30 Journals 30 Days: QUINN MCDONALD
Published on July 5, 2010
How long have you been Art Journaling?
Since shortly after the earth cooled. When I was first-grader, I wanted to write stories. As not much had happened to me yet, I wanted to add illustrations. I pretended to be all the characters in my stories, and I drew things I imagined—most of them not recognizable by anyone by me. This surprised me because it was so important to my imagination and so clear to me.
How has Art Journaling impacted, changed, or enhanced your life?
I believe we don’t FIND meaning in life, we MAKE meaning. And that’s what art journaiing—or raw art journaling—does, it helps make meaning in life. I’ve used journaling to explore, sort things out, be angry, get out grief, and hold on to joy. That’s pretty much for a small book. I call this kind of meaning-making “raw art journaling” because it is raw emotion, raw art, raw truth.
What are a few of your favorite Art Journaling materials to use?
I’m a minimalist. I’ve tried lots of materials, though—acrylic paint, watercolor, inks, sewing, collage, transfers, attaching found objects, piercing, cutting, dye applications, gel pens, letter stamps.
But when it comes down to working in my journals, I always come back to pencils, ink, pens, watercolor pencils and a wet brush.
Who are some of your favorite Art Journalers?
Besides you? Well, I like the usual suspects, and I’ve found a ton more since I started working with North Light Books, but here are some that use a lot of words in their work, which I find fascinating:
Most of my work is words as well as art, so I like The Odd Inkwell,
http://theoddinkwell.com/2010/05/23/dragon/ who does a lot of found poetry.
Jill Berry is a personal favorite—I love that she uses writing extensively in her work, too: http://jillberrydesign.com/blog/
I do a lot of maps to explain how I feel or where I find myself, so I like the participants in the Hand Drawn Map association: http://www.handmaps.org/index.php
There’s an international group blog, Urban Sketchers that lets you see the world, one sketch at a time.
Here’s Maria Lopes from Lisbon: http://www.urbansketchers.com/2009/05/meet-correspondents-lisbon-maria-lopes.html
Cynthia Niklas at http://journalingarts.com/ always has interesting reviews for art journalers.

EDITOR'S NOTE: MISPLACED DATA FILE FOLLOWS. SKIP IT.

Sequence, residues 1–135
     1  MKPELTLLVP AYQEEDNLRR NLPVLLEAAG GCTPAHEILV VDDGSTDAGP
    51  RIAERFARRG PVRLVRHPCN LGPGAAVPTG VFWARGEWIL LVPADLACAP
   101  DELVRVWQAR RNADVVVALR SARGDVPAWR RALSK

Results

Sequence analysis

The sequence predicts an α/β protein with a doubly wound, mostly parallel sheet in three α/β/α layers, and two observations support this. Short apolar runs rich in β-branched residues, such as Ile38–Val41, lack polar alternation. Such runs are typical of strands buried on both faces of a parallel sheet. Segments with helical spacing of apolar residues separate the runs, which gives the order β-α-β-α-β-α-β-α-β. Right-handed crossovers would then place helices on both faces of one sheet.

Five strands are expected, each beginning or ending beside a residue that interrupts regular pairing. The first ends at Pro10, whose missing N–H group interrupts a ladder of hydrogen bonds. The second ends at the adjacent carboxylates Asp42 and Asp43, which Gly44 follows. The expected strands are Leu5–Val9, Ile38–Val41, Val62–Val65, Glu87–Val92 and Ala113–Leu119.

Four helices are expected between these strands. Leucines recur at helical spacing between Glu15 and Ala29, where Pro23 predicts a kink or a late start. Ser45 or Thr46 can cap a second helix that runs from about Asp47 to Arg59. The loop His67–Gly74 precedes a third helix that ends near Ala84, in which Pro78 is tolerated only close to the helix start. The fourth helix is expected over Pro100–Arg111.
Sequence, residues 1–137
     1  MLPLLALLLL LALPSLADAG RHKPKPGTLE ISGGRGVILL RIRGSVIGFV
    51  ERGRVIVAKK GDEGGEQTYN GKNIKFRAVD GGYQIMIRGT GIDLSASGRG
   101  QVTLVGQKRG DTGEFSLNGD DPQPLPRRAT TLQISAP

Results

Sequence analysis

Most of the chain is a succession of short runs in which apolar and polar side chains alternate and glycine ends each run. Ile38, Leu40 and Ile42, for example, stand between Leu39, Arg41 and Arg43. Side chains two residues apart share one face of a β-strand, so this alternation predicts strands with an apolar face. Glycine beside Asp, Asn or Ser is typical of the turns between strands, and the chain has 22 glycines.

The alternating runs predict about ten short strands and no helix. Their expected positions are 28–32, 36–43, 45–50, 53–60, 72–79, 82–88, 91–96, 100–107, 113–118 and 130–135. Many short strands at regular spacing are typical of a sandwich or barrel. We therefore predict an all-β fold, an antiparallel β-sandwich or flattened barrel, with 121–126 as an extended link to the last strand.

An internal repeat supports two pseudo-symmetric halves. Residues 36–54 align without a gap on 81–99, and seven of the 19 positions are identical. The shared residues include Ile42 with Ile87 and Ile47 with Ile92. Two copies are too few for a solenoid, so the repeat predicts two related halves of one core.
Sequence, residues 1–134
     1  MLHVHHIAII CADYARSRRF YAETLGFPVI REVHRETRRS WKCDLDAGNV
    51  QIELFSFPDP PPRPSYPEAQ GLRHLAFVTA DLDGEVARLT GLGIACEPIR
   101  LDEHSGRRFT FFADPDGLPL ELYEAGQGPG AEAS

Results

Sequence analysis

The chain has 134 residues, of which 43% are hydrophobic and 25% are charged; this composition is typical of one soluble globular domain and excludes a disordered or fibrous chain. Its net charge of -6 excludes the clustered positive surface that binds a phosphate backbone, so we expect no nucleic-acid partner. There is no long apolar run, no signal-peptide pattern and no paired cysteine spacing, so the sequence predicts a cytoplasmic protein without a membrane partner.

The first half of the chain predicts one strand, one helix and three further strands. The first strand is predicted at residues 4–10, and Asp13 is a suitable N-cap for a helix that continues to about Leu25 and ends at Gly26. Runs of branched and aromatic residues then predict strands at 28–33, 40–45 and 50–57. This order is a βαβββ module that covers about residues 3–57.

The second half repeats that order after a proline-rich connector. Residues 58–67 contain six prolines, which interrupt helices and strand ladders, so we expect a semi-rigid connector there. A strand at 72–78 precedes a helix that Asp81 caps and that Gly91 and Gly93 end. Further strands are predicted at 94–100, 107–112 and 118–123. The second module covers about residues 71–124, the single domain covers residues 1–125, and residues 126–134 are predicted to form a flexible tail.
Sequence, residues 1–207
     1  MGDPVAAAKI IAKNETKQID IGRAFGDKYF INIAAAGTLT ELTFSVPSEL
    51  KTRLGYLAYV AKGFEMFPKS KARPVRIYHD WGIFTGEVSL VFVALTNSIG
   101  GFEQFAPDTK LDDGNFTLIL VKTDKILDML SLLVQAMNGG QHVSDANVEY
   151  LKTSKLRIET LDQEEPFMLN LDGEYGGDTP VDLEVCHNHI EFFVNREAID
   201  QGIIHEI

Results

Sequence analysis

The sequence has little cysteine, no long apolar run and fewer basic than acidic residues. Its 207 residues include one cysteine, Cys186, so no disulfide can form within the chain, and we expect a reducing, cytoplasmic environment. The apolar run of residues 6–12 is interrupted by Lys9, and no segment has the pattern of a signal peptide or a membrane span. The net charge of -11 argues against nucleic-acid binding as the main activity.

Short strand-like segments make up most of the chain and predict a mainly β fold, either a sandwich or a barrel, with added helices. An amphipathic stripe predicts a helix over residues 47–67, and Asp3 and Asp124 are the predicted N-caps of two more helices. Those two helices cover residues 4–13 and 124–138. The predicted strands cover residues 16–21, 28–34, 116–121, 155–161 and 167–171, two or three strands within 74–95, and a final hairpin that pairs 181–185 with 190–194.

Michael Nobbs is so good at encouraging people to draw their lives—he’s drawing his:http://blog.michaelnobbs.com/blog-archive/
Tammy from Daisy Yellow always has something going on in her journal: http://daisyyellow.squarespace.com/
Sybil MacBeth prays in color. I’m not religious, but I love the idea: http://www.prayingincolor.com/examples.html
Eccentric Spirit generously shares information about art journaling: http://www.eccentricitysupplyco.com/blog/
A minimalist art journaler and humorist is Jessica Hagy of Indexed: http://thisisindexed.com/
Almost everyone in Dawn DeVries Sokols’ book ( 1000 Artist Journal Pages) and Dawn herself:http://www.dblogala.com/
And, of course, people I follow on Twitter (too many to mention) including @ilkasattic, @mildlycreative, @lindawoods, @heatherplett, @littlebrownpen, the art-journaling-twibe, reviewers of pens and journals like @inkyjournal and @tigerpens
What kind words of encouragement would you say to an Art Journal newbie?
Look at a lot, then do what you like. You don’t need to be a writer or an illustrator, you just have to be curious about the world you live in and your path through that world. Don’t depend on kits and a lot of supplies—a pencil, pen, and a piece of paper, and an open mind is a good start.
Where can we contact you…give us some link LOVE!
My blog: QuinnCreative.wordpress.com
My artwebsite: RawArtJournaling.com
I’m on Twitter and Facebook as QuinnCreative.
I believe in change and re-inventing yourself. I believe in being curious about the path we are on in the world we inhabit and create every day. When I was growing up, I was supposed to be a nurse. I wanted to be a science-fiction writer, but that wasn’t allowed for little girls of that age. So now I own my business—writing, training people to write, to communicate with others unlike them, to keep journals, celebrate their life. (I’m a celebrant who performs weddings and other life transition ceremonies. It’s really just acting out the stuff that works its way into art journals.)
The creative force—the urge to make something—is important in my life. Important enough to be both a life coach and a certified creativity coach. Because nature is the ultimate creative force, I am a naturalist (no, not a nudist, that’s something else) and a lot of my journaling is about what I learn from nature.
I write the Business of Art column for Somerset Studio magazine, and am writing a book, “Raw Art Journaling: Making Meaning, Making Art.” The book will be published by North Light Books in June of 2011.
Art Journal LOVE Letters is on sale for $24.99 the entire month of July!Go HERE to register and join Art Journal LOVE’s 1 year anniversary party!
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